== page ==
Rep. Frey Introduces Bills to Eliminate State Pensions for Elected Officials, Using Mileage in Pension Calculations

Posted on March 12, 2019 by admin


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Measures will save millions for Connecticut taxpayers

As he has done for several years previously, State Rep. John Frey (R-111) once again proposed legislation to reduce Connecticut’s massive pension obligations by prohibiting elected state officials from receiving a state pension, and to exclude mileage reimbursement from pension calculations.

“These are simple concepts that will save Connecticut taxpayers millions of dollars over time, unfortunately I have to introduce these bills every year,” Rep. Frey said. “Our state continues to battle massive budget deficits that cripple the economy and put our state at a major disadvantage when we try to retain or attract residents and businesses. Eliminating these benefits would send a signal that we are serious about turning Connecticut around.”

This session, Rep. Frey proposed bill 6802 – An Act Prohibiting Elected Officials From Receiving A State Pension – that would prohibit any elected state official from receiving a pension, and proposed bill 6779 – An Act Eliminating Mileage Reimbursements, Longevity Payments and Overtime Compensation from the Calculation of Pensions for State Employees – that would use only stated income for pension calculations and eliminate the practice of pension “spiking.”

Last year, Rep. Frey introduced similar measures, including H.B. 6087 that would have ensured state employees’ pensions were based only on stated income, and H.B. 6292, to eliminate state pensions for elected officials.  Both of those measures died before receiving consideration by the full legislature.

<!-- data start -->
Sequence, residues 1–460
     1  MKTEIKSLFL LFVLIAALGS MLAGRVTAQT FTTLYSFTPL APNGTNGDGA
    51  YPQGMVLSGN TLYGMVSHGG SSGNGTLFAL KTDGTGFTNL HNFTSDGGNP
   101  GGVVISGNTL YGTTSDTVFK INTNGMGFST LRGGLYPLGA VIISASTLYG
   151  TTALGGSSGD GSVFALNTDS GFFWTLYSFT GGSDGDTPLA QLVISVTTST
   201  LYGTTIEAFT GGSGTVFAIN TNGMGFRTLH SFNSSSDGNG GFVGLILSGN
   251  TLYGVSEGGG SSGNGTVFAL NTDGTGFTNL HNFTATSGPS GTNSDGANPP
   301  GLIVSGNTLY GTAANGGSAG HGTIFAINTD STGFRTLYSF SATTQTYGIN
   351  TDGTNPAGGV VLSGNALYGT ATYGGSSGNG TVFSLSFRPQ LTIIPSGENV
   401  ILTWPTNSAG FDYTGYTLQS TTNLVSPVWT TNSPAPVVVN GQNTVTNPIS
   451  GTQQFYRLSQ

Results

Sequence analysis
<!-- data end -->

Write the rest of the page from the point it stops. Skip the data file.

He said that years of putting off making payments into the pension system have caused costs to grow uncontrollably, with annual contributions to state employees’ pensions rising by a factor of 2.5 since 2008, from approximately $481 million in 2008 to more than $1.2 billion in 2018, according to figures from the non-partisan Office of Fiscal Analysis (OFA). Eliminating this benefit for non-vested legislators and using only stated income for pension calculations would reduce the state’s financial burden over time.

Rep. Frey stressed that the part-time makeup of the legislature and Connecticut’s ongoing struggle to balance the state budget, especially considering those large unfunded pension liabilities, are the main factors in his decision to continually press for this needed legislation.

“Forcing taxpayers to foot a substantial retirement bill for a small group of elected part-time officials is bad policy and does not make financial sense,” Rep. Frey said. “State service is an honorable calling and employees absolutely deserve to be paid for their work, but they need not be rewarded with retirement pensions. It’s an unpopular bill with my colleagues but it’s well past time for them to truly look at the factors that negatively influence the budget, do what’s best for the state and eliminate this program.”